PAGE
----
Next to Love 3 (Chapters 3 – 5)


Oh my! I didn’t expect Babe’s journey to become such a nightmare. She had been warned against trusting taxi drivers and men in general. Then when a young soldier starts to make conversation and become a bit too clingy, she starts to distrust him and tries to get away from him. So when they stop at some station for the next train, she thinks that if she locks herself in the ladies and lets the train leave, he won’t risk missing it and she will finally get rid of him. However, that backfires and she finds herself in the worst possible situation. The soldier keeps knocking at the ladies’ door, urging her to leave, but Babe remains inside. When she hears the train leave, followed by silence, she decides to leave the toilet. What she doesn’t expect  – and neither did I – is for the officer to be there, and before she knows what is happening, the horrible man starts calling her names and attacks and rapes her.

After the horrible event, Babe is broken and terribly lonely. Yet, she has the temperance to go to the local doctor to have some tests for venereal diseases. The physician treats her horribly when she has to admit that she has had intercourse, and he has no qualms in insulting her. I felt so sorry for Babe, and even though I think she should have told somebody about the rape, we have to understand that back then a woman was nothing, and her word would have been questioned. The doctor runs the tests, and they all come negative. So in that sense Babe is relieved and can now marry Claude. If she had contacted a disease from the rapist, she wouldn’t have been able to get married. I think Babe should have told Claude about what had happened, and I think he would have supported and helped her.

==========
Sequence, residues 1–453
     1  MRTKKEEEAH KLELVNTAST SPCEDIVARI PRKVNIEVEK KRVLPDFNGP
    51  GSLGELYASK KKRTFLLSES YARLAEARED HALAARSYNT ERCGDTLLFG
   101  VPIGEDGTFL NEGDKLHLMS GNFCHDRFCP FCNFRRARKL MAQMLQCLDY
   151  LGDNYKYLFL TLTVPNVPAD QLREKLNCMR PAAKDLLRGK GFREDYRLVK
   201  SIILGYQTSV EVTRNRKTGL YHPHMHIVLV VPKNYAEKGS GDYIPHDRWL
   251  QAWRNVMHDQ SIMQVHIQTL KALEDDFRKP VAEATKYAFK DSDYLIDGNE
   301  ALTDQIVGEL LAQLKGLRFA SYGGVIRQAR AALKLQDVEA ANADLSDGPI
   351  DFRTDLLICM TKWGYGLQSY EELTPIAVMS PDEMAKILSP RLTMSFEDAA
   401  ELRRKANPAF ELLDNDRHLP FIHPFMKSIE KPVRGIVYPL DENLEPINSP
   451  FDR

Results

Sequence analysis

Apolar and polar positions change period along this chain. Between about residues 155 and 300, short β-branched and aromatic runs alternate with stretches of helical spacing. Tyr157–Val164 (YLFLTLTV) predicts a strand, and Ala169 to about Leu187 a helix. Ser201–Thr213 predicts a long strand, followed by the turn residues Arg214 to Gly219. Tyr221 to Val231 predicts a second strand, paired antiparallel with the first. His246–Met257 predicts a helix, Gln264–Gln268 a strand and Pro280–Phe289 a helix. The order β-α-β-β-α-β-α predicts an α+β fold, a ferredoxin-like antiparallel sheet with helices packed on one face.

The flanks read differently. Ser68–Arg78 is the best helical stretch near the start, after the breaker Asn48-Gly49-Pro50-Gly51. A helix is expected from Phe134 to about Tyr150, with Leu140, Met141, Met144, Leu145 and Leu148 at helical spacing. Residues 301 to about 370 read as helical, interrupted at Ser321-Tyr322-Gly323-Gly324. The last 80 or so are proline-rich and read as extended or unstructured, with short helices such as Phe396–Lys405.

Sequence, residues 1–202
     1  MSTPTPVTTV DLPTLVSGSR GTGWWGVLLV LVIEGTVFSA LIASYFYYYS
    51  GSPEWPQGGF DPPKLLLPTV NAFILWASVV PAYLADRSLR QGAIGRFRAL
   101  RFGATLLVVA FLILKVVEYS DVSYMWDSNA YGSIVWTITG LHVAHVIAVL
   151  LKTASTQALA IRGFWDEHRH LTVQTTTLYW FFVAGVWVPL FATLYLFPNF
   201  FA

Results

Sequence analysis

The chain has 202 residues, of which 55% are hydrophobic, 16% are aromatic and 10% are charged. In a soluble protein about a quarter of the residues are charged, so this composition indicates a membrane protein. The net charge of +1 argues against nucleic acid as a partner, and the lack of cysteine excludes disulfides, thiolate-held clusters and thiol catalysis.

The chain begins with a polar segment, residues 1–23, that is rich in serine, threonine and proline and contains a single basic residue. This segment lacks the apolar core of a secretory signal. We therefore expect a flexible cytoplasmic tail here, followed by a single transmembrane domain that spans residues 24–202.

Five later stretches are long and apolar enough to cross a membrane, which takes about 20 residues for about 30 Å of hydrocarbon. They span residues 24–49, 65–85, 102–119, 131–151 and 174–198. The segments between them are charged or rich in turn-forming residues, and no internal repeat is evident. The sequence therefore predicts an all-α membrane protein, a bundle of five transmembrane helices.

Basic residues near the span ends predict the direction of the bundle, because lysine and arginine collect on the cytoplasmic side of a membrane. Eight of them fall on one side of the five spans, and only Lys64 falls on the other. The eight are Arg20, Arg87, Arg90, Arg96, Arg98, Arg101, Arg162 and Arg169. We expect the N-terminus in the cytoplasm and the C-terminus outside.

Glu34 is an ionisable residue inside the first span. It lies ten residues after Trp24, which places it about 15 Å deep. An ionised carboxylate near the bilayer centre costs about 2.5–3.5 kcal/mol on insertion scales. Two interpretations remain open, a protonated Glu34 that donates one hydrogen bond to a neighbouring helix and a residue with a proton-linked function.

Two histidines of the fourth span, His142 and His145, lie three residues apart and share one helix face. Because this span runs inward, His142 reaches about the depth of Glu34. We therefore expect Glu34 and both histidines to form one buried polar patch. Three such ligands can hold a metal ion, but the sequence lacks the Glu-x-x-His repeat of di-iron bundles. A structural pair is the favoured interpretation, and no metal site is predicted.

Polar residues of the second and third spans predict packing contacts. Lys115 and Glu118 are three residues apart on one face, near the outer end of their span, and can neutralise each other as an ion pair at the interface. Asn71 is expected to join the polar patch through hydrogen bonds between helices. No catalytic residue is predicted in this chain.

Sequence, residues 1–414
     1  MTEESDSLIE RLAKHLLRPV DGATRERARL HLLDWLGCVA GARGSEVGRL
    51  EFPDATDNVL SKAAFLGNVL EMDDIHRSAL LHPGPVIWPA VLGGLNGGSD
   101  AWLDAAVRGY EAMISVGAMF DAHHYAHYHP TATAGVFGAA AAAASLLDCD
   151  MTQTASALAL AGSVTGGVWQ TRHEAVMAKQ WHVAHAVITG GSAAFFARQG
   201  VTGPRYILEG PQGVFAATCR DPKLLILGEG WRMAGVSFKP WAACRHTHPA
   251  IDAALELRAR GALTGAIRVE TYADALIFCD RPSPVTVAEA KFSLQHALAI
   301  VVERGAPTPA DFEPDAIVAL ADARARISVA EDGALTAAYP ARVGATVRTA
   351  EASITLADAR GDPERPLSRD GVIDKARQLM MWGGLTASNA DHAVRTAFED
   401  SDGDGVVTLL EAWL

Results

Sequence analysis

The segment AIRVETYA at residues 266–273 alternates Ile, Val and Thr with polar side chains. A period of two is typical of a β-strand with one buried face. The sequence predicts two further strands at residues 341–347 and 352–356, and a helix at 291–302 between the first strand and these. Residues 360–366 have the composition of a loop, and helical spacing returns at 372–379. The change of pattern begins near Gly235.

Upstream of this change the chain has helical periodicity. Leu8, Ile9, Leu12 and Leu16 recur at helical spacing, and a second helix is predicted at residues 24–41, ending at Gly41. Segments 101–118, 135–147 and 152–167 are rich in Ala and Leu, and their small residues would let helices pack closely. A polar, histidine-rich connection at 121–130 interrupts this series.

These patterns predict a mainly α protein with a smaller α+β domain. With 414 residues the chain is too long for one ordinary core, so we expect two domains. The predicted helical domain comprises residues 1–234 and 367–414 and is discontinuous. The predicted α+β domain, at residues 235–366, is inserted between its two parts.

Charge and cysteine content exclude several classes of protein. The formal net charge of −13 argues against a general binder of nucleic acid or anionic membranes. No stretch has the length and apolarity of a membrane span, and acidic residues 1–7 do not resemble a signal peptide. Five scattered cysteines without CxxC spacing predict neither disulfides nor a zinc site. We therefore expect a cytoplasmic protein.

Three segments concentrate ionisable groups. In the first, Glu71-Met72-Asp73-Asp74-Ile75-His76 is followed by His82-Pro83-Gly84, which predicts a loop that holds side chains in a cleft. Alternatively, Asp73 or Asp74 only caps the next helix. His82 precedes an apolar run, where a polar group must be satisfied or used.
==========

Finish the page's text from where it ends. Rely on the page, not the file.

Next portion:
After they get married, Babe remains closer to him, staying in boarding houses as Claude is stationed in different bases. Millie also goes to find Peter, but she doesn’t have any problems on the journey and even boasts about how kindly people treated her. Then Millie and Babe go together to the doctor, and while Millie is excited about her new pregnancy, Babe is horrified because she can’t know if her baby is Claude’s. It could well be her rapist’s, so when she has a miscarriage, she is utterly relieved. Poor Babe.

Then the three men are sent abroad, and chapter 5 is composed of the letters that these three men send their wives. Peter is proud when Millie has their son Jack, and he has plans to continue his education and learn art properly; Charlie misses Grace and Amy terribly, and she feels privileged as Grace writes to him dozens of letters, so he is the envy of his unit; and Claude, missing Babe as much, longs for the war to be over and return to her soon.

The D-day happens, and the three women stop receiving their men’s letters, so they are worried something has happened to them. In his last letter Claude mentioned that mail could be slow as the channels for the distribution of post will probably be disrupted. So that is what these three women tell themselves, but they can’t help but worry.

The next chapter marks the date from the prologue in which a telegram came through, informing that one of our men has been killed. We know that it isn’t Claude, and the man who Babe sends to deliver the telegram goes where Millie and Grace are, so that means that it is either Charlie or Peter. Whoever has died, I will feel sad for them. What terrible times to live in!!!

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